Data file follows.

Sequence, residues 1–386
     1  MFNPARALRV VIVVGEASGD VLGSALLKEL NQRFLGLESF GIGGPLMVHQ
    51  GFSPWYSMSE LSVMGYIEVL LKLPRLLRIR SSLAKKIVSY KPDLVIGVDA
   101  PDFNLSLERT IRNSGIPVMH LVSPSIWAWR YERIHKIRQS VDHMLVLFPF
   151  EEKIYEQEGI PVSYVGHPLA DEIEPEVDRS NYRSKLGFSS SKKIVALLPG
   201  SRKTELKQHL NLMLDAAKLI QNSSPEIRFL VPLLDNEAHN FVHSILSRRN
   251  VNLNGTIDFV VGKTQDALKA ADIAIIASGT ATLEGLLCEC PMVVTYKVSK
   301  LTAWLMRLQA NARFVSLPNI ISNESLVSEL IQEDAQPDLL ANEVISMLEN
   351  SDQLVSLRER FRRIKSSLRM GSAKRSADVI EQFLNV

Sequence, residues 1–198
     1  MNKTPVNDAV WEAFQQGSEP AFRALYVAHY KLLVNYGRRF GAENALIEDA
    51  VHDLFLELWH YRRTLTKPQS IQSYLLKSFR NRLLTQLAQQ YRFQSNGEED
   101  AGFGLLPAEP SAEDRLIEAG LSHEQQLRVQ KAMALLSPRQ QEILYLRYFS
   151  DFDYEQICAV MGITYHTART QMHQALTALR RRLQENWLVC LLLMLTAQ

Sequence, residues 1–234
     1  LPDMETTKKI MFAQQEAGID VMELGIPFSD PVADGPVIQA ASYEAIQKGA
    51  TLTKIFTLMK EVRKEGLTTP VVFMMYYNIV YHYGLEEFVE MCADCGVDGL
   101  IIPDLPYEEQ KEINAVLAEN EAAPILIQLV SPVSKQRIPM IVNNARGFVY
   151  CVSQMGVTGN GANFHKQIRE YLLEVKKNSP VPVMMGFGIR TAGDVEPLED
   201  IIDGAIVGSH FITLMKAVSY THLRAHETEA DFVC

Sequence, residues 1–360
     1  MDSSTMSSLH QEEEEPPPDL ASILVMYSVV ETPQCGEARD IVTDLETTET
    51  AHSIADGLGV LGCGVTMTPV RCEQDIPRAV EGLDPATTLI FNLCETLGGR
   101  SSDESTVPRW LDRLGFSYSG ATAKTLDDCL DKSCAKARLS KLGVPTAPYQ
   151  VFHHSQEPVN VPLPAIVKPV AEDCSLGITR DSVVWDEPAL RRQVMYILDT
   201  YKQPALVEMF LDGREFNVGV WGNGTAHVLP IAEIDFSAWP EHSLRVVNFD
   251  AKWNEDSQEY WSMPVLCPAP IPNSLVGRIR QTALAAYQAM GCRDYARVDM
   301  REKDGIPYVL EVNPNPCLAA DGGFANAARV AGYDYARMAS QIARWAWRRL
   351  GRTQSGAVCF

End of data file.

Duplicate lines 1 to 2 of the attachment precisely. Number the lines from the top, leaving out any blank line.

Sequence, residues 1–386
     1  MFNPARALRV VIVVGEASGD VLGSALLKEL NQRFLGLESF GIGGPLMVHQ